Russia has replaced its charge of “piracy” against 30 Greenpeace campaigners detained in Murmansk with the charge of “hooliganism.” Hooliganism carries a maximum penalty of seven years in prison, compared to the piracy charge’s fifteen. Hooliganism was charged in the well known case of the punk band “Pussy Riot” whose members were convicted and are currently serving prison sentences.
The Netherlands recently sought to use international maritime tribunals to void the piracy charges. However, Russia is not signatory to the dispute resolution process in the international law of the sea. Whether any argument can be made to bring the Russian crime of hooliganism under international law remains an interesting legal issue.
With the Russian judicial system’s 99% conviction rate, the hooliganism charge likely brings little comfort to the Greenpeace campaigners and their families. Up to seven years in Russian prison is a daunting prospect for these enviros who range in experience from professional seamen and campaigners to young people seeking an adventure. The family of one detained young woman said that she was only there, “hoping to see polar bears.”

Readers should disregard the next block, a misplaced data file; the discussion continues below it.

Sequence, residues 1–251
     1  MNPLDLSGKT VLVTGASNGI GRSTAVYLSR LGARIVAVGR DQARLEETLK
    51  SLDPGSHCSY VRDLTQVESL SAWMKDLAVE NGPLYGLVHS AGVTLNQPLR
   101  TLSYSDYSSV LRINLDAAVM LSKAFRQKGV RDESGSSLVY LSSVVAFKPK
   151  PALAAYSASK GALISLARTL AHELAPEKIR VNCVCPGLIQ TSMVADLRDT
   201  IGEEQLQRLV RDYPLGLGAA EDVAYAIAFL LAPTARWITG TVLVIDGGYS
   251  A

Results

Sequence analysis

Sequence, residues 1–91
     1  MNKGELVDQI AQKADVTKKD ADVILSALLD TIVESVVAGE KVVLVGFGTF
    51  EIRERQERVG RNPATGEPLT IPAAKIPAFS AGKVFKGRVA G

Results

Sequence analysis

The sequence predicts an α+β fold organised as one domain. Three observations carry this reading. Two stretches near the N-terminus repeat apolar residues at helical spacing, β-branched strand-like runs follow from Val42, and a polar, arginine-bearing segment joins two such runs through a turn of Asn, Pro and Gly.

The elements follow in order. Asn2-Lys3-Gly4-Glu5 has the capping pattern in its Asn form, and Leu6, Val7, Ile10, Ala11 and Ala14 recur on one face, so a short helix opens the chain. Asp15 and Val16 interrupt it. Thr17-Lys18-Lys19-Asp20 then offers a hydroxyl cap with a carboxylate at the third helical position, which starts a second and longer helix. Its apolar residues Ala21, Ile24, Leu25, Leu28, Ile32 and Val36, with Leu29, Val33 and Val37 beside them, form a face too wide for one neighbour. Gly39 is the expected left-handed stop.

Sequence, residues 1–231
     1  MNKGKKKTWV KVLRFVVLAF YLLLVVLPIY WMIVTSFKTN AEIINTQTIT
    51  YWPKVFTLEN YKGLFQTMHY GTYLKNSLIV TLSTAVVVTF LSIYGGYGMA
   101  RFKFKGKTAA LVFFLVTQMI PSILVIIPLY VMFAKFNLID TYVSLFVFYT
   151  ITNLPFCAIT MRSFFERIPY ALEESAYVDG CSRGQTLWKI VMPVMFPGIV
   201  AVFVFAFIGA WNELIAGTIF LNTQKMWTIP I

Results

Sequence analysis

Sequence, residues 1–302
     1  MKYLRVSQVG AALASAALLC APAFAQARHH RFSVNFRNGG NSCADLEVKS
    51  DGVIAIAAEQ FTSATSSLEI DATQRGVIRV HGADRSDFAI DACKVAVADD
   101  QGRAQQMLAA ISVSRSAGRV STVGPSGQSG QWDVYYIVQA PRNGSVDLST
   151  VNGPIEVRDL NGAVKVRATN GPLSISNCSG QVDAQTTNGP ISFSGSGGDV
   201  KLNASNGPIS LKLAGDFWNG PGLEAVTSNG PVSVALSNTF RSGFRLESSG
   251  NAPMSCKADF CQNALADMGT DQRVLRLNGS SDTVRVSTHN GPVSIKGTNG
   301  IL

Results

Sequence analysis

Russia surprised many when it applied the piracy charges equally to everyone aboard Greenpeace’s Arctic Sunrise, whether they directly participated in the attempt to board the oil platform or not. Over time Russia may choose to treat those who organized or participated in the boarding attempt differently from those who were more along for the ride.
Does the change from piracy to hooliganism represent a softening of the Russian position which could continue, or is it a shift to a more realistic charge that might actually stick?
It is already snowing in Murmansk and before long it will be night there most hours of the day. Contrary to Greenpeace propaganda, polar bears are thriving in the Arctic and have been for decades. Unless the Russians continue to bend, these thirty Greenpeace campaigners are in for a rough first-hand lesson in how little the Arctic has actually warmed.